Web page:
Is the vehicle a place of work?


25 June 2003

BSI claims that the new mobile workforce is falling short of company health and safety cover

John Lennox, the transport expert for BSI, announced in his speech on Corporate Killing at the Society of Operational Engineers annual conference last week that more must be done in terms of ensuring occupational health and safety (H&S) whilst driving vehicles.

John cited the unnerving statistic that 33 per cent of all road traffic accidents, that is to say crashes, involve people driving for work.

"Presently, the 'mobile workforce': sales staff, company reps, van drivers etc, by the nature of the job has low visibility and as a result is not seen as a high priority in terms of H&S by businesses and other organisations." says John Lennox.

It is vital that ownership of a safety system comes from the very top of an organisation. Eventually, the buck stops there. Company policy must be unequivocal in its support of safe working practices for the mobile work force and effectively communicated to staff. However, everyone has a role to play and reviewing your system should include input from all levels of staff. They should be encouraged to feed back any issues or near misses where they think that a system improvement could have reduced the risk.

The way forward, according to John Lennox, is to ensure that there is a fully effective, flexible, up-to-date monitoring and reporting system to cover all staff, which is robust and regularly audited.

Says Lennox: "Not only will such a system protect companies from costly law suits and insurance claims but also means that they comply with contemporary legislation and, most importantly, will keep employees safe."

The solution is a systematic approach to road safety. This should include aspects such as a staff guide for drivers, which includes guidance on issues such as mobile phones, how many hours worked/driving, the amount of rest breaks, testing for drugs or alcohol, defect reporting, insurance/licence checks and vehicle safety that being, is it Fit For Purpose?

Commercial organisations might well complain that this all costs a great deal of money and time. However, according to BSI this approach means that safety improves the bottom line

John Lennox adds: "Benchmarking repair costs, hire car costs and downtime for each part of the organisation can help management to focus on individuals or groups who are more prone to collisions. They can introduce re-training and education schemes to reduce the accident rates, keeping people safe while driving down costs at the same time.

"There are distinct advantages to taking this pragmatic, systematic approach. For example it is a significant aim of corporate social responsibility (CSR), achieving overall safety in operation, demonstrating to an organisation's shareholders and stakeholders that it cares about its employees and of course, safer staff means safer roads for all.

Ultimately BSI aims to set new national and European Standards for H&S in transport.

For further information on H&S in the transport sector contact John Lennox at BSI on tel 020 8996 7342.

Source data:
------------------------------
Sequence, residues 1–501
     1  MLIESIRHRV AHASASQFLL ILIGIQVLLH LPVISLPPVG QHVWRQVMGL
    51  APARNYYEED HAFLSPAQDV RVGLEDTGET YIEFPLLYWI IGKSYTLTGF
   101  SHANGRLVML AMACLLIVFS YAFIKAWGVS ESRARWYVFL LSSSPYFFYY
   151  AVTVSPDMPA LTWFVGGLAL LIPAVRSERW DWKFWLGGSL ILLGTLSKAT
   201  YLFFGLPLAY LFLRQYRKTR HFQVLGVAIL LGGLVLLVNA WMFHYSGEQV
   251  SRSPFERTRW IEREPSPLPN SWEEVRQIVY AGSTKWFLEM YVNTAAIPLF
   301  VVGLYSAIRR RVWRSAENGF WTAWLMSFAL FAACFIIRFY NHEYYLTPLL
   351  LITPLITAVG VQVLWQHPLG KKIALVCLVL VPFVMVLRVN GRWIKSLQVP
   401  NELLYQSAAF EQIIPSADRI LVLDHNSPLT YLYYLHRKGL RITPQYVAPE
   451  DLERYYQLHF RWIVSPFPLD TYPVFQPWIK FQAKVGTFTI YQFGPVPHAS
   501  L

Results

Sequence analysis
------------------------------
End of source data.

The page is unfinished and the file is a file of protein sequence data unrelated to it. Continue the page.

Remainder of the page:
Media Enquiries:

Wilma Tulloch on +44 (0)20 8996 6330 OR
Marc Edney on +44 (0)20 8996 6330


BSI Group believes in the universal adoption of best management practices, reduction of risk throughout the trading process and the harmonisation and acceptance of international standards by consent as a means of achieving economic prosperity and releasing the potential in all businesses to deliver excellence.

Founded in 1901 in the UK the BSI Group is now a global company made up of five complementary business units:

  • British Standards, the UK's national standards body, is based in London, UK. It creates and updates national and international standards, reflecting the needs of stakeholders, including UK businesses and consumers. 
  • Business Information, a provider of information on standards and associated material. 
  • Management Systems, a provider of certification to management systems is based at BSI's headquarters in the UK. Following the 2002 purchase of the North American systems assessment business of KPMG, BSI Inc, based in Reston, Virginia, is the largest company providing management systems certification in North America. Management Systems also has regional headquarters in Hong Kong to service the network of offices in the Asian-Pacific region. 
  • Product Services, based in Hemel Hempstead, UK, provides product-testing and awards Kitemark conformity certification and CE marking. The Kitemark is a BSI registered trademark. 
  • Inspectorate, the leading independent inspection and analysis company, joined the BSI Group in 1998. Inspectorate has its main offices in Witham, UK; Houston, Texas and Singapore. 
    BSI Group is an international provider of services to businesses and other organisations. All our business units are working to the same vision of supporting business improvement and trade world-wide. Through provision of standards, technical information, systems assessment, product testing and commodity inspection services, BSI supplies vital third-party services that enable its customers to trade effectively and to improve their operations and products.

In 2002 the Group's turnover was £232.8 million (US$370 million).

Sir David John KCMG, group chairman BSI Group, was appointed in July 2002.

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